The thing is, it’s not even like I dislike the new Frosta. The fact that she has some of the most powerful magic in Etheria, but she has to fight for respect due to her young age, is pretty interesting. She’s a good character; she just couldn’t possibly have less to do with the original Frosta if they’d tried. And that can come off as more of a rejection of the original show than a reinterpretation of it.

Why does it matter? Well, when I said that some of my earliest memories were of She-Ra, I didn’t mean just my earliest memories of television, or my earliest memories of cartoons; I meant my earliest memories period. I think that’s true for a lot of people my age. When something has that kind of formative status in your life, you want to see it treated with respect, even if it was silly in many ways. The people who complain “This new cartoon is RUINING MY CHILDHOOD!” are obviously exaggerating (and not helping their cause in the slightest), but hey, childhood memories are precious to us. If you want to ignore the source material and create  your own characters, by all means, create a new show; don’t take something that has a special place in many people’s hearts, then make arbitrary changes that go beyond modernization to the point of ignoring the original story and characters.

No, Netflix’s She-Ra is not ruining my childhood; it’s not ruining anyone’s childhood. And the changes to Frosta, or Glimmer, or Bow, don’t make it a bad show. But I think there is a certain amount of responsibility inherent in relaunching something that people associate with their childhoods, and I’m not sure that the creative team behind this reboot was fully cognizant of that. I’m all for inclusion, but if you want to include everyone, “people who loved the original show” are part of everyone; if you ignore that, you aren’t being very inclusive, are you?

On another topic, the attempt to give the characters different body types may have had some results that the creators didn’t necessarily intend. It’s not that there’s anything wrong with varying the body types; after all, the only reason why all the characters on the show had the same bodies originally was because it was cheaper to animate that way. But considering the fact that She Ra herself is still a tall, slender white woman with flowing blond hair, it kind of comes off as a half-hearted gesture. Like “yes, it’s okay for all the less important, darker-skinned women to have more realistic bodies, as long as the main character is still a blond supermodel.” She-Ra’s apparent lack of breasts has sparked some debate, but to my mind, that just makes the supermodel comparison more apt.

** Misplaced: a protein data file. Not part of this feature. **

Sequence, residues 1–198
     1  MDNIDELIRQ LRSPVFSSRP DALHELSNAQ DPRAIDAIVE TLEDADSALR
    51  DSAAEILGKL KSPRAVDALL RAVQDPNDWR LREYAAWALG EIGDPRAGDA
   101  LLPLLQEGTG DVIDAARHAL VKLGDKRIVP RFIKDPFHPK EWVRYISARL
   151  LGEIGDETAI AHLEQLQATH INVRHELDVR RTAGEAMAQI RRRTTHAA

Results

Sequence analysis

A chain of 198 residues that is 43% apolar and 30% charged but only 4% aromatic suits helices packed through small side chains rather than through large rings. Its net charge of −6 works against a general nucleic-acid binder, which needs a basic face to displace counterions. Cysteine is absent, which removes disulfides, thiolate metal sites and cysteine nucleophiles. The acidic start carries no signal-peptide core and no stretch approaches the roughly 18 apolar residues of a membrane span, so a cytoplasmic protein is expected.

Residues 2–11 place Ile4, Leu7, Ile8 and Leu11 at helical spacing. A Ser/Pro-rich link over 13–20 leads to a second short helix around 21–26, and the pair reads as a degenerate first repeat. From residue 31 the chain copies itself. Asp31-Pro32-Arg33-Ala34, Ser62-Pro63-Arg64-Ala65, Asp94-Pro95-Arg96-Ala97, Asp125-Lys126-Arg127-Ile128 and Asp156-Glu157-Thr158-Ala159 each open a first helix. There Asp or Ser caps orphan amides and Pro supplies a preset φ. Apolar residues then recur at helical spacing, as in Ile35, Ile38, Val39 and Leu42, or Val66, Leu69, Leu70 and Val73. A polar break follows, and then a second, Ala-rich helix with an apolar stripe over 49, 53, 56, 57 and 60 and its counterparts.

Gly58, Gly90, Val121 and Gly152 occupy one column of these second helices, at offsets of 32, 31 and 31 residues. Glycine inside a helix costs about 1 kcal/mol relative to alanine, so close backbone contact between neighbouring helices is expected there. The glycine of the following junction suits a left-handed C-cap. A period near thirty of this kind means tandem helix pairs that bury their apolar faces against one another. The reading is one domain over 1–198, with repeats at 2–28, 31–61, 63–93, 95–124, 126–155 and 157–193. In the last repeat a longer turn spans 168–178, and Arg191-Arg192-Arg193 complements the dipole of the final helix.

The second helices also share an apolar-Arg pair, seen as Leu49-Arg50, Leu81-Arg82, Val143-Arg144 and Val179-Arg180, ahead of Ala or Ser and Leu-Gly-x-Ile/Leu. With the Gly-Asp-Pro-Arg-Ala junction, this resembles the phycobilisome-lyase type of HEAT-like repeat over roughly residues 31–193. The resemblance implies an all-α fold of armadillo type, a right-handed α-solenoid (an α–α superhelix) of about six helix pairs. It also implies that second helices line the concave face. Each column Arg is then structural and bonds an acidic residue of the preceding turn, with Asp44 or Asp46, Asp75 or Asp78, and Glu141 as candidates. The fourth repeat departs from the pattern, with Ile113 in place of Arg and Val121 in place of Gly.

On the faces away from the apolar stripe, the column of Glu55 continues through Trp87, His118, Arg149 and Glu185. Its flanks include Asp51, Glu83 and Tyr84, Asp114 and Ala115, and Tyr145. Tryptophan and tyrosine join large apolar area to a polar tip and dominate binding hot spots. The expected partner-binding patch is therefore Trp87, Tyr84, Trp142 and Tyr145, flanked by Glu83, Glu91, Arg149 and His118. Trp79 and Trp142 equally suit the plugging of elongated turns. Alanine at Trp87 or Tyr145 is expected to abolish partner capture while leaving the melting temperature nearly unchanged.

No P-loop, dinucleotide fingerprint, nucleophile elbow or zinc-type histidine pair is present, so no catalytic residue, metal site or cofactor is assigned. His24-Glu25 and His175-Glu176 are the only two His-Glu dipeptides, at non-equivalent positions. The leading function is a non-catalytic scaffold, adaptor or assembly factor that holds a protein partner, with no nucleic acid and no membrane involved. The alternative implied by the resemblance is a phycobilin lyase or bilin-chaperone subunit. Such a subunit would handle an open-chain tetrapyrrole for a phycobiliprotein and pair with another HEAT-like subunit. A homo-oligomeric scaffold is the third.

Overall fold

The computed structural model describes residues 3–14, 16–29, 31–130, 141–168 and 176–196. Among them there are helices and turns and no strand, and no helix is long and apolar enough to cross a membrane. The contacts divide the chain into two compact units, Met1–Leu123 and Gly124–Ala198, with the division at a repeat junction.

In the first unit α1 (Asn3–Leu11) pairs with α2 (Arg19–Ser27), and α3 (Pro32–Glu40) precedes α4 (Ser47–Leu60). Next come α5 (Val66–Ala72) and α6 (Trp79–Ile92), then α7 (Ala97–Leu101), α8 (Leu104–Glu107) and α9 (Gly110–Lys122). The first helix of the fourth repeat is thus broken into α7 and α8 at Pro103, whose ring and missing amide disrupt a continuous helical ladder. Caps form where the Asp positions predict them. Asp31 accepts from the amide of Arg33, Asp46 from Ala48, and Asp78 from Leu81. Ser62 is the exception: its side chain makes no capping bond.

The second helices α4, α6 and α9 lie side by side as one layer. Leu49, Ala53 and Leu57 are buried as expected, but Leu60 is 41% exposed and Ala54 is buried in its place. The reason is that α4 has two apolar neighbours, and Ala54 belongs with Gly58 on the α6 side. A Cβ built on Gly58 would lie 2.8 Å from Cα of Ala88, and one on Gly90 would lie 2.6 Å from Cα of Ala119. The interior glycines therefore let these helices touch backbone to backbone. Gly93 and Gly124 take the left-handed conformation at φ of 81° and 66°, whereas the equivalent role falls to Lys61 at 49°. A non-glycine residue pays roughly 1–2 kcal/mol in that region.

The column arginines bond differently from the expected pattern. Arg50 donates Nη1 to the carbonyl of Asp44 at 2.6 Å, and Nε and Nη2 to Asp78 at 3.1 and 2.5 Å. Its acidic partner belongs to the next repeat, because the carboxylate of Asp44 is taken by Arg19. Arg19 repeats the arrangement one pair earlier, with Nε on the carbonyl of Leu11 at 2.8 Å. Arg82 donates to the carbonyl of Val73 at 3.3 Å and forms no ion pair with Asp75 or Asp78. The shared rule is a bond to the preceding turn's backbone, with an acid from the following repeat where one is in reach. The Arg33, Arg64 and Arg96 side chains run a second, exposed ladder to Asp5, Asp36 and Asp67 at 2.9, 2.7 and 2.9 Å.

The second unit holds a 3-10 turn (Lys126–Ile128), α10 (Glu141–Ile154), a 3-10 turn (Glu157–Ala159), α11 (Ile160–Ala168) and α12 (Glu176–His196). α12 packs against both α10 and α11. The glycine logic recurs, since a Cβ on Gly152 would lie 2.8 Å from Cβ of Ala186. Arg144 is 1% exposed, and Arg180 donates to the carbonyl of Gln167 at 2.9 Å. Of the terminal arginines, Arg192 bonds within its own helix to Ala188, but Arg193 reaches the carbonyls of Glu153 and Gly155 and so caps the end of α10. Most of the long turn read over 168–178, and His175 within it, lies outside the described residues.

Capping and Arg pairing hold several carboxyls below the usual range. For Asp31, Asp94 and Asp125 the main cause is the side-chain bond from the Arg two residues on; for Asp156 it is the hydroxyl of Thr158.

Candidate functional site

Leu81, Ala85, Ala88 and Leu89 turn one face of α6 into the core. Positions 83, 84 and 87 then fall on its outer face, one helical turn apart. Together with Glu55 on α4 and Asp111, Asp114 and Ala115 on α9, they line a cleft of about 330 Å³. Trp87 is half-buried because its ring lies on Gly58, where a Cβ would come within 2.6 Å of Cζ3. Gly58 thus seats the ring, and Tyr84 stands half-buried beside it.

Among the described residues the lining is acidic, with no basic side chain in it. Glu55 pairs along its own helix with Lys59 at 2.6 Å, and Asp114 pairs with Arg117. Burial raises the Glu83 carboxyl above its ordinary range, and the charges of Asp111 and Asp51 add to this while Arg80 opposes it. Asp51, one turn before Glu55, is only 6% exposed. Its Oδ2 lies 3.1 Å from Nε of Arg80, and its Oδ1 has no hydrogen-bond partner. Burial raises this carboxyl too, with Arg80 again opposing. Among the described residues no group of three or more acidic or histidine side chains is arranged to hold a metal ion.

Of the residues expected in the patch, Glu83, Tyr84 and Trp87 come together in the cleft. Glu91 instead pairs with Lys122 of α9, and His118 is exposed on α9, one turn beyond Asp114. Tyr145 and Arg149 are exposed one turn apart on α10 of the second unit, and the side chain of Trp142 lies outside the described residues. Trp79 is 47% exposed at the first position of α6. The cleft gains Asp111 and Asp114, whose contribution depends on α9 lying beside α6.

In the ’80s, She-Ra and her friends fit the ’80s ideal of a supermodel: feminine face with obvious makeup, hourglass figure. Now She-Ra fits the more modern ideal of a supermodel: androgynous, flat chested, but still long-limbed and blond. And there wouldn’t be anything wrong with that, if I didn’t get the impression that one of the main goals of this show was that they wanted to move beyond the whole supermodel ideal. What’s more hurtful: a world depicted with minimal diversity, where everyone has identical bodies? Or a world where people can have different bodies, as long as the one really important person is still a tall blond? This could just be me, but I find the second paradigm more worrisome. At least in the first case, it was clear they weren’t trying to portray reality at all; in the second, they go halfway there, but stop in a really uncomfortable place.

For the record, IDW’s Jem and the Holograms comic books went a similar route: diverse body types everywhere, except for Jem, who looked like a supermodel. The comic was self-aware about this though, and did some interesting things with it, but that’s another post.

The Disappointing: The Animation

She-Ra: POP was made in the ’80s on a shoe-string budget. The series was notorious for reusing stock animation, and generally being as cheap as humanly possible. What made it even more limited was the fact that Filmation was clearly reusing animation they’d already developed for He-Man, with only minor changes, so the animation was tired before She-Ra even started.

Compared to that, the Netflix/Dreamworks series is better, certainly. The animation is much more fluid, and there’s a lot more variation in camera angles, all that good stuff.  So it’s an improvement, but I wonder: is it enough of an improvement for a show that’s been dormant for this long?

Really, it’s 30-plus years later. The Animation Renaissance happened in the years She-Ra was off the air. The technology has improved by leaps and bounds; there are tools available today that the artists at Filmation couldn’t even have imagined. The animation in the new She-Ra shouldn’t just be better than the original show, it should be leaps and bounds better; night-and-day better. The fact that it’s only middling better is just sad.